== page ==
The metacognitive model of anxiety in children: towards a reliable and valid measure

Julia A. White, Jennifer L. Hudson*

*Corresponding author for this work

Research output: Contribution to journalArticlepeer-review

15 Citations (Scopus)


Recent research has extended the metacognitive model of adult psychopathology to childhood anxiety, however the results have been confounded by poor comprehension of the Metacognitions Questionnaire for Children (MCQ-C) amongst 7–8 year olds. The aim of this study was to improve comprehension of the MCQ-C, to enable reliable and valid evaluation of the metacognitive model of anxiety in children. Poorly comprehended items of the MCQ-C were revised to the appropriate reading level and pilot tested with 7–8 year olds. One hundred and eighty seven children aged 7–12 years then completed an online version of the revised MCQ-C (MCQ-CR) and self-report measures of anxiety symptoms, excessive worry and externalising thoughts. The MCQ-CR was well understood by children as young as 7 years and exhibited sound psychometric properties. As predicted, children’s negative beliefs about worry, thoughts in general and memories were found to be significantly positively related to symptoms of anxiety disorders. Confirmatory factor analysis supported the construct validity of the scale. Positive beliefs about worry were not associated with children’s worry levels, raising questions about the relevance of this element of the metacognitive model with children. Although further validation is required with a clinical sample, these results provide support for the integral role played by metacognitions in childhood anxiety disorders, and suggest that these mechanisms may be appropriate targets for future early intervention and treatment programs.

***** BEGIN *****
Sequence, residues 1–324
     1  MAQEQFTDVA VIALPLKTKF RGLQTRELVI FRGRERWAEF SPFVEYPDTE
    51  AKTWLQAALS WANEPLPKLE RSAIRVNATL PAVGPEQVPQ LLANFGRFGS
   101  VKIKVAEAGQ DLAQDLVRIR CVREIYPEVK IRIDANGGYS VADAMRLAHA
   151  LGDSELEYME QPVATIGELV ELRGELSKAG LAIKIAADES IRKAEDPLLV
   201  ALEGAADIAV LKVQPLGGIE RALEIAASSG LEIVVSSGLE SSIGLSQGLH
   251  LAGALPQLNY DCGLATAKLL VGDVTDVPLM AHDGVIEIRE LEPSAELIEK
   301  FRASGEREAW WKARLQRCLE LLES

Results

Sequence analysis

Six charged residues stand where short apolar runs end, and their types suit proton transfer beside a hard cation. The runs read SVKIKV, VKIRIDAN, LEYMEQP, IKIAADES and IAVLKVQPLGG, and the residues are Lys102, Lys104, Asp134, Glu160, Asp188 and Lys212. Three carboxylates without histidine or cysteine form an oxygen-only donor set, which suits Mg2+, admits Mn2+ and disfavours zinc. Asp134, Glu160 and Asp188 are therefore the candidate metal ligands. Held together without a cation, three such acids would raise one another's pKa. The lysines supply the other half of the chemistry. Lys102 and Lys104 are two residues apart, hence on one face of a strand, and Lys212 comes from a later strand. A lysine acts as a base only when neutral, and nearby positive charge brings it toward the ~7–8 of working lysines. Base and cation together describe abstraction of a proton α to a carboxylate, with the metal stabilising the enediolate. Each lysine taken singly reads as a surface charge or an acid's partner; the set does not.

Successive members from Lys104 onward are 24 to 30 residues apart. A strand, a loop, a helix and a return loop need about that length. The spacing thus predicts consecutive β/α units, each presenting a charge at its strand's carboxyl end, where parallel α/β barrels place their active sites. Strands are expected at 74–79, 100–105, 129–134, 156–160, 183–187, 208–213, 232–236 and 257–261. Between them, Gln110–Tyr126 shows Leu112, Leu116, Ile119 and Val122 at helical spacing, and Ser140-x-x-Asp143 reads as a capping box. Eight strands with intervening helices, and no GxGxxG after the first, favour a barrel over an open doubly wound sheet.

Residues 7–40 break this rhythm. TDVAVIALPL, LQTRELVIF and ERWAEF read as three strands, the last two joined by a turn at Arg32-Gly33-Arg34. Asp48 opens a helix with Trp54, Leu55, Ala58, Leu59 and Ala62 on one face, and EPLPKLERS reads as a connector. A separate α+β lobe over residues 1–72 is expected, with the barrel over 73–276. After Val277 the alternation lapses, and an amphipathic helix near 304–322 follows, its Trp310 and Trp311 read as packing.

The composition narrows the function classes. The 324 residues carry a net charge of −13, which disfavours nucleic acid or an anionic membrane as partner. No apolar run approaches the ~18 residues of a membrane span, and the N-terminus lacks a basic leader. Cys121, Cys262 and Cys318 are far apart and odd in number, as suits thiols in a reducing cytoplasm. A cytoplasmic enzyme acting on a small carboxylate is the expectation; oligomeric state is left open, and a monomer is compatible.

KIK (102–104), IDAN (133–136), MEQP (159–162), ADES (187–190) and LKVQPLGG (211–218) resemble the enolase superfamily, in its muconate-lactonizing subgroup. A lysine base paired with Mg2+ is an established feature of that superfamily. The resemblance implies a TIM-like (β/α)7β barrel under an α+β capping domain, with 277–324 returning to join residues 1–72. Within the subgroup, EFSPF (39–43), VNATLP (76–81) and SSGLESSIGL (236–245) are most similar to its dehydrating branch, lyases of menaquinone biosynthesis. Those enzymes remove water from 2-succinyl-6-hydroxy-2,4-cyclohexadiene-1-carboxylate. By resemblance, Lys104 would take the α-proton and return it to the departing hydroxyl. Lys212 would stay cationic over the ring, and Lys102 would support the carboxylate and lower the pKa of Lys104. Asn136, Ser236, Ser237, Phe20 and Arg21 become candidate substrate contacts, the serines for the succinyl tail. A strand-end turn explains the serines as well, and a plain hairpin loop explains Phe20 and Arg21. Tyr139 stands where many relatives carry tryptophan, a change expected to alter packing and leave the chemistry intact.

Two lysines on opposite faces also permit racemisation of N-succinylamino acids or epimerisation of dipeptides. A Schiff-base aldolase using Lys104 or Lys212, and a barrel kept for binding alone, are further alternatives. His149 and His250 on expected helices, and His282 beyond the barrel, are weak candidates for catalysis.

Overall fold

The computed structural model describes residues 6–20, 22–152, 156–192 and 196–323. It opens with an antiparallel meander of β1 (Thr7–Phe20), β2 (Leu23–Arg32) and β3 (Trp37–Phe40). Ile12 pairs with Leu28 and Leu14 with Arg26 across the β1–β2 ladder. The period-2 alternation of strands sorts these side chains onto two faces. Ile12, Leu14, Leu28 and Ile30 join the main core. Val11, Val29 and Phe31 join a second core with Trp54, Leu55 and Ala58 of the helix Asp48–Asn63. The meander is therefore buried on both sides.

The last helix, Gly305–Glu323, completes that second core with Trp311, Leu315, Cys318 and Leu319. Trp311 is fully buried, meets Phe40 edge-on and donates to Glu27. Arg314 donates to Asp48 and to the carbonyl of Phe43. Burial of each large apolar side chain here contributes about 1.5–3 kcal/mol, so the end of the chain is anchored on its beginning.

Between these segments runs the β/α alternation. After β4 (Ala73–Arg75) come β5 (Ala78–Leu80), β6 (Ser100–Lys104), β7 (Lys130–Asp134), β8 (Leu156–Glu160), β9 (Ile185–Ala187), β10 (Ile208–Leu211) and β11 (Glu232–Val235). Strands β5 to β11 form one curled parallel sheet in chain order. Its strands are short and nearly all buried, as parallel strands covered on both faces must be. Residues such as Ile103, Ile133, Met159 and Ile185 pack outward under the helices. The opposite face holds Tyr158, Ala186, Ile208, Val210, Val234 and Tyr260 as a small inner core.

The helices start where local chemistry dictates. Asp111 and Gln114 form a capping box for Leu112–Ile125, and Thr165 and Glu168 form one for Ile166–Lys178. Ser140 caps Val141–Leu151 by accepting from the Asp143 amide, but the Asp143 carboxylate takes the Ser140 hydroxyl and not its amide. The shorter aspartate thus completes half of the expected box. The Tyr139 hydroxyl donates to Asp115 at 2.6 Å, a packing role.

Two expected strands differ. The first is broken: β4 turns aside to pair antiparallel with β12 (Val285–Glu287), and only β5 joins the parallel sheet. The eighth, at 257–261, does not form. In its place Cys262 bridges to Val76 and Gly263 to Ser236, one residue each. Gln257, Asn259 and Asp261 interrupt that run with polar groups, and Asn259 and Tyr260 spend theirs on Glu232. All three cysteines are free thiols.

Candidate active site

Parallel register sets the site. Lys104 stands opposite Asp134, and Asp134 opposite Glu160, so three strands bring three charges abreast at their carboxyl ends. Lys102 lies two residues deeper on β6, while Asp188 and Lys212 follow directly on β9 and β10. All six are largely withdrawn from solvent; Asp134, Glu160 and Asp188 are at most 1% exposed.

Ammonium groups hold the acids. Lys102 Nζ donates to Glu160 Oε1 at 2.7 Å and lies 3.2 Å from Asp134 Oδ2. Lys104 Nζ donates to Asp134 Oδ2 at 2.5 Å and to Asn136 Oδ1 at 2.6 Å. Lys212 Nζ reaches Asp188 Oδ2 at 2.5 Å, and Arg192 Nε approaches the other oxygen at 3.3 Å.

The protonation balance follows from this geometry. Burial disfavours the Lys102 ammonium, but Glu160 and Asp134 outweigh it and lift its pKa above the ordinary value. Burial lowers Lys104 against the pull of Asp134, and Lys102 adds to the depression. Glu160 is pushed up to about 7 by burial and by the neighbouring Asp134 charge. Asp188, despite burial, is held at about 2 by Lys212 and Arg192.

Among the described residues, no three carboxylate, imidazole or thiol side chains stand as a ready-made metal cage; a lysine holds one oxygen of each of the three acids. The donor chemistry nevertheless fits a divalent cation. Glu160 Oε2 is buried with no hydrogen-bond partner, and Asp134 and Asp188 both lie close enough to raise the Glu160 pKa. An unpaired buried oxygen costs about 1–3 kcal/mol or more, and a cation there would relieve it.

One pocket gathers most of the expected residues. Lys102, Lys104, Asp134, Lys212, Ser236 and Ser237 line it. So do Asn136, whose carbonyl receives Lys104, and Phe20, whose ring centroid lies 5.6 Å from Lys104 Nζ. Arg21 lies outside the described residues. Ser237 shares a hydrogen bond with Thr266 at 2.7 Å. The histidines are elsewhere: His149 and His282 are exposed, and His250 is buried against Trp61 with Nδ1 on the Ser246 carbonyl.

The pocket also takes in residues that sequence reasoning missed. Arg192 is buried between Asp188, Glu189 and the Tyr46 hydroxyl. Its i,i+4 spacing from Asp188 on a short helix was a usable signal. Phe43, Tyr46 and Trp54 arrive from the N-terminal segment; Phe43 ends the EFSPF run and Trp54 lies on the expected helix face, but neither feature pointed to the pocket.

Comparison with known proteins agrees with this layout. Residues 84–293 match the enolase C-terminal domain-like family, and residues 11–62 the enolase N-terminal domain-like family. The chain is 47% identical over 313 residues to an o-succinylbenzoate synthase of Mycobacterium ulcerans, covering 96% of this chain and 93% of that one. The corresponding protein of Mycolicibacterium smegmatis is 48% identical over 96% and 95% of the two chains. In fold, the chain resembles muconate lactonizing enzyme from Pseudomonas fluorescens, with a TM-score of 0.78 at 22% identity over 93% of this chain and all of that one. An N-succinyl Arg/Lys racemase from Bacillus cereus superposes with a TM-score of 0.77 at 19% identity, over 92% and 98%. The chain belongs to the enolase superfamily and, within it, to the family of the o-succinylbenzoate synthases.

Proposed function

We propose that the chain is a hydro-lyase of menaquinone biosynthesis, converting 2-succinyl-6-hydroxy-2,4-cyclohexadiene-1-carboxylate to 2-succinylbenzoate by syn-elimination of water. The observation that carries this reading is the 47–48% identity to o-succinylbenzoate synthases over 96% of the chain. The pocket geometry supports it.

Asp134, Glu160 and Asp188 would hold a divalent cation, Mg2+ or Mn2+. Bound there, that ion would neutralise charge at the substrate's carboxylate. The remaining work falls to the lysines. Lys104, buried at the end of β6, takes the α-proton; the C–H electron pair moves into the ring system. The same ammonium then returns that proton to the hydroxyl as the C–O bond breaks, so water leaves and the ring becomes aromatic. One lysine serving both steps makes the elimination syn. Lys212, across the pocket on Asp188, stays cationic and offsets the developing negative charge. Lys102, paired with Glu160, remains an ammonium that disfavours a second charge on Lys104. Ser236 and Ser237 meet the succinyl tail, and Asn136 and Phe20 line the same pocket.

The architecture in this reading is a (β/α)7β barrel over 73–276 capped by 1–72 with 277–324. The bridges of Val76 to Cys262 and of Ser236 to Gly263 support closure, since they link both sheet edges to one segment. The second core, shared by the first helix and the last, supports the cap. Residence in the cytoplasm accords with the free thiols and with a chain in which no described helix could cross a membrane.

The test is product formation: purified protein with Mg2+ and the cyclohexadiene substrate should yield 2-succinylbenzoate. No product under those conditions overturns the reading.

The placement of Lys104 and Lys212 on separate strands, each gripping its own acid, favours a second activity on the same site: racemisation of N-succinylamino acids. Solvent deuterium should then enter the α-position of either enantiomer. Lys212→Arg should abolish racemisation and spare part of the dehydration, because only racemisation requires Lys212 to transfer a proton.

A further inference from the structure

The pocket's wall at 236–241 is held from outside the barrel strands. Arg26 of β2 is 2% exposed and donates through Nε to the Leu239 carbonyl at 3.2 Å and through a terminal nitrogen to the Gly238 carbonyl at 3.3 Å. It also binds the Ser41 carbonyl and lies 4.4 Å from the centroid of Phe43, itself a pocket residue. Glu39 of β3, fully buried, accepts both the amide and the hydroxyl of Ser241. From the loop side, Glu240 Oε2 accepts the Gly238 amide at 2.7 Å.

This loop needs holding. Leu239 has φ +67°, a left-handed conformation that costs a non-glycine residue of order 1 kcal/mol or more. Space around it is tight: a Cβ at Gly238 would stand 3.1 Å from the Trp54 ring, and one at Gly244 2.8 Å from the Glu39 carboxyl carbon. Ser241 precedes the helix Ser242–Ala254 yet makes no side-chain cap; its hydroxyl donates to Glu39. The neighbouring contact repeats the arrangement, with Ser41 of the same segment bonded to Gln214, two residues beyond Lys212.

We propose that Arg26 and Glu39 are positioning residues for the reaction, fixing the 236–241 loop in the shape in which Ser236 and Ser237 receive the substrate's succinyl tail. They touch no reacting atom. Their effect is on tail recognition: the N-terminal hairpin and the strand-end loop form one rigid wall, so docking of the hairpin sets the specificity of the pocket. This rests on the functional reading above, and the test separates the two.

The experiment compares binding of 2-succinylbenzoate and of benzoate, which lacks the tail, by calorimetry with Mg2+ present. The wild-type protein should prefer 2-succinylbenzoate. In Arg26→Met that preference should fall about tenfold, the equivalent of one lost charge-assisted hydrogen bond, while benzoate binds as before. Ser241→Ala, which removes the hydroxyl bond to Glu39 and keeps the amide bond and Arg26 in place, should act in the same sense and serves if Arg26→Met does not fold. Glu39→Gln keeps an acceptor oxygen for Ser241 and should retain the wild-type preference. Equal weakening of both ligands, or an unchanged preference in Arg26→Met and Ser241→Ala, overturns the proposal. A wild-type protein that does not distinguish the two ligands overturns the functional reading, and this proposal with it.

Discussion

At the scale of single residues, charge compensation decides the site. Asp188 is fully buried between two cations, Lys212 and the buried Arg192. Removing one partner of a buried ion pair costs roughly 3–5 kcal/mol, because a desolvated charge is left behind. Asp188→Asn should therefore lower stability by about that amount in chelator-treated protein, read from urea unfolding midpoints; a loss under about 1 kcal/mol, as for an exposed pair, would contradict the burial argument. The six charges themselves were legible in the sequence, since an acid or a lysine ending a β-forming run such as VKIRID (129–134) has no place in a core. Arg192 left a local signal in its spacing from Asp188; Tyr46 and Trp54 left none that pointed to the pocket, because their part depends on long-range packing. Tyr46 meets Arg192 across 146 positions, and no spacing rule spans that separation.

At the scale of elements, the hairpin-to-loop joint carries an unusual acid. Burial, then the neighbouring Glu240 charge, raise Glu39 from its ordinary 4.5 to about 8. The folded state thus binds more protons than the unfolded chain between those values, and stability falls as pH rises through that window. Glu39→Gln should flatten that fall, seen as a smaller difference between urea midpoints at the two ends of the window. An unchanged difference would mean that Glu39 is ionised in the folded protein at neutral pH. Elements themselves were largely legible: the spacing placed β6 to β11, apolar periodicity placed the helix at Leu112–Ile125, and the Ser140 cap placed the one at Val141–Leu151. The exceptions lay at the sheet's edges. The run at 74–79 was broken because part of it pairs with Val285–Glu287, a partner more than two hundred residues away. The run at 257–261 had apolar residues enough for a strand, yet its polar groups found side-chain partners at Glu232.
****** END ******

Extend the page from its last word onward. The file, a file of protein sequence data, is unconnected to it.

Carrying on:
Original languageEnglish
Pages (from-to)92-106
Number of pages15
JournalCognitive Therapy and Research
Issue number1
Publication statusPublished - 1 Feb 2016


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